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What resources can help me in my farm finances?
Knowing where you’ve come from in your farm business can help you know where to go. Keeping good, clear financial records is key to your future farm business success. Applying those well-kept records using helpful financial planning tools can ensure that you make sound financial decisions going forward, and avoid pitfalls from the past.
Marbleseed has published the book Fearless Farm Finances, a one-of-a-kind resource packed with instructions, tips and tools for setting up and managing a farm’s financial system. While I recommend reading the whole book, here are a few tips that really capture how to use your records to move forward with your farm business.
Chapter 19 offers an invaluable tool for your financial planning: an annual cash flow projection, also referred to as a “pro forma” cash flow. Using a cash flow projection tool, you can plot out on a month-by-month basis when cash income will be received and when cash expenses will need to be paid. You will also be able to predict which months your cash flow will not meet your needs and how to plan ahead to cover those cash shortfalls.
You’ll start with the good financial records from the last year of any enterprise in your farm business, and include pay stubs from off-farm employment, tax returns, and bank records to help build your cash flow projection. You can create your own cash flow projection using Excel spreadsheets, available templates from universities and financial institutions, or the budgeting function on your bookkeeping software.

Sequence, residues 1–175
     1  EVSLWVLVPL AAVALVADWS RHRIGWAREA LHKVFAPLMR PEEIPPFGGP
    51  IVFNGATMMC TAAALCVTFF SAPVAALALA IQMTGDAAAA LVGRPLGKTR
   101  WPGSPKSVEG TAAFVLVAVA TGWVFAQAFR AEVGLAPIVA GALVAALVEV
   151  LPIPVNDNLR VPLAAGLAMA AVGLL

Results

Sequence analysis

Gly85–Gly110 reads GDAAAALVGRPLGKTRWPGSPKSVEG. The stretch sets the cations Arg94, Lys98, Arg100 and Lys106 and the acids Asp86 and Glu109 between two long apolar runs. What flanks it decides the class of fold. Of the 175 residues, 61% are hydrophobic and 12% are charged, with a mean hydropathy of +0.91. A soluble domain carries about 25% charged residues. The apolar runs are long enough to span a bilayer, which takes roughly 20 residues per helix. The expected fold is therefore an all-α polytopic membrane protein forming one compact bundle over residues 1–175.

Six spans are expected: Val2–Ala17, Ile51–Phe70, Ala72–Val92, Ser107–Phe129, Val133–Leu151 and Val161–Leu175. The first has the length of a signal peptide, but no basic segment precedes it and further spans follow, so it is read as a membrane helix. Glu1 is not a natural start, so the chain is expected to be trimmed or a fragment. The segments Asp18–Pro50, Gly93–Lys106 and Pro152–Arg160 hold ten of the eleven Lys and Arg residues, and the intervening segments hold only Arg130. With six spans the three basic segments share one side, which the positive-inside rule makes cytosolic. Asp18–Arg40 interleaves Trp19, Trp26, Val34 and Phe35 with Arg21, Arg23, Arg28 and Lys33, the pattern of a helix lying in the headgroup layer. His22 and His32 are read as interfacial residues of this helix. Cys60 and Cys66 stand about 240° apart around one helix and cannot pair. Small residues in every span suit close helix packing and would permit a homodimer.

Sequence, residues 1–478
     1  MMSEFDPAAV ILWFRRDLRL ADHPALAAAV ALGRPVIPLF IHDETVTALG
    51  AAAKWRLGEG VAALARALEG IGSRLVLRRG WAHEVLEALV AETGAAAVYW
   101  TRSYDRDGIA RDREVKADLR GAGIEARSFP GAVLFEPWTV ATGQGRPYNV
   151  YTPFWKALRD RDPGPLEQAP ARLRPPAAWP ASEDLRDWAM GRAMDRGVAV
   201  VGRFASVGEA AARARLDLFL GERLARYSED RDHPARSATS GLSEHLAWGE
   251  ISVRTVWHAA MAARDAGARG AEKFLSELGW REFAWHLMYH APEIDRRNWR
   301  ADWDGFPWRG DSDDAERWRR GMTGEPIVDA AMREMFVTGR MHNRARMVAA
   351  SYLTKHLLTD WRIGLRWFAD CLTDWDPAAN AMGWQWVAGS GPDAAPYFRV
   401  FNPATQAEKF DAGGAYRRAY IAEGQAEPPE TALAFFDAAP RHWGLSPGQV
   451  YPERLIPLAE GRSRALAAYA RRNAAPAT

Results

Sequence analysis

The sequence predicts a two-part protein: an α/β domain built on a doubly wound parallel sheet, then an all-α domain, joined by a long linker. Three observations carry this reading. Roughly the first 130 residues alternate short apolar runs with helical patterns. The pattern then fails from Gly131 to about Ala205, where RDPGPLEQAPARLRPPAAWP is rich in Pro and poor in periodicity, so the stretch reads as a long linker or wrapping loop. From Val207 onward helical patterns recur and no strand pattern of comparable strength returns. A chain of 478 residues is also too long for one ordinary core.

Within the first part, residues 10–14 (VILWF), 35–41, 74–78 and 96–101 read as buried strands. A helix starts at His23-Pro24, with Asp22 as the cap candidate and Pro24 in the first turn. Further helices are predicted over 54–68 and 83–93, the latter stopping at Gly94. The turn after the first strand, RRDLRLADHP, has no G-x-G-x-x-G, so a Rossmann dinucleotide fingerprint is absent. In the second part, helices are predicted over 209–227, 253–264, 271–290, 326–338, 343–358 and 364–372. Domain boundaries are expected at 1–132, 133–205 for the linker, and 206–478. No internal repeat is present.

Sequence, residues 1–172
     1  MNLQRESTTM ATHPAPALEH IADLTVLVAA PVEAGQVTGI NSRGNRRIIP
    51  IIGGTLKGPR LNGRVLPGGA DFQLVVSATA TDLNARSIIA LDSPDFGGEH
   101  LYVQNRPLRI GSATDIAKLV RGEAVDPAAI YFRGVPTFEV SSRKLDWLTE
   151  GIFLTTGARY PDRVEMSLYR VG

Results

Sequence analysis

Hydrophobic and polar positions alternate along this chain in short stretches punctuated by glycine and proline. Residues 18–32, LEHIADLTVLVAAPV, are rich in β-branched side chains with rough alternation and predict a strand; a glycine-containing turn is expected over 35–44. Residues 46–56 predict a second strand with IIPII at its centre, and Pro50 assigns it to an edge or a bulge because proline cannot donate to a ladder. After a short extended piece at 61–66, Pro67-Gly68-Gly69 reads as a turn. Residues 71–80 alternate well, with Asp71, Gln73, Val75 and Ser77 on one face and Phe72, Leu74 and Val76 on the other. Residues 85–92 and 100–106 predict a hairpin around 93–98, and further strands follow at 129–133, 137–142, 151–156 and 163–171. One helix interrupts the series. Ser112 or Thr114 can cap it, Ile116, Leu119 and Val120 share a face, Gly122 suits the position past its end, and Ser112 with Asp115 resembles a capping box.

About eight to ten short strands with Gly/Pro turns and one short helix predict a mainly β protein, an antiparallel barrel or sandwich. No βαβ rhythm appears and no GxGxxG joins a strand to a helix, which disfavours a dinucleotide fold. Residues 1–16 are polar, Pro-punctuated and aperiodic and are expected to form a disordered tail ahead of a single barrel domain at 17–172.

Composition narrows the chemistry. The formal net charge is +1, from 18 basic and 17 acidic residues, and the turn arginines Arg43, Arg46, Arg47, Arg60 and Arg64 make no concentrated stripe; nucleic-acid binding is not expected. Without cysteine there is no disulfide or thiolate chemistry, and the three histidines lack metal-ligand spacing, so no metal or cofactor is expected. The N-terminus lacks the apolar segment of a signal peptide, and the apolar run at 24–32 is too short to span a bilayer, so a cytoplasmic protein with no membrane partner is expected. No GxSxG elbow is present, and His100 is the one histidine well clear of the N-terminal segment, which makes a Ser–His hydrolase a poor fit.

You can even create a simple cash flow projection in a notebook.
Using the financial records outlined above, you can then create your income and expense categories and fill them in. This can be as simple or as complicated as your farm operation, or as you choose. From there you’ll create your cash flow projection for each month. Farming has many variables, and farmers understand the need to be flexible and creative.
You can keep track of the variables in your cash flow projection and resulting budget through good monitoring, outlined in chapter 20. Monitoring is regular assessment of where you are headed so you know if, on that trajectory, you can expect to achieve the goals you’ve set. While assessing, you can decide if you’re on or off track, and if your circumstances have changed, and finally what you need to do to accommodate the changes.
The Fearless Farm Finances book recommends: “Ideally, every month you will compare your actual cash flow to your plan (your budgeted cash flow) to assess your financial status relative to your annual goals. This requires a budget that lays out expectations for monthly progress. It also requires that you regularly enter data in your bookkeeping system. Recognizing the value of, and having a commitment to periodically assessing your performance relative to your plan provides an incentive to keep up with the weekly work of financial data entry.
Monitoring progress should lead directly to actions that control negative deviations and adjust for positive developments, and a recognition of when things are working right.
Regular monitoring can help guide your decisions as you continue through the farm season. While it can be challenging to keep up with bookkeeping in the heart of the busy farm season, it is time you can’t afford not to set aside. Knowing where you’re at with cash flow in August can save you from difficulties in October, not to mention the end of the year.
Invest in your financial future with more knowledge and tools to guide your farm business planning. Fearless Farm Finances is a great place to start. The book will is available for purchase on our website.
Posted: Jan 2017
Answer By: Jennifer Nelson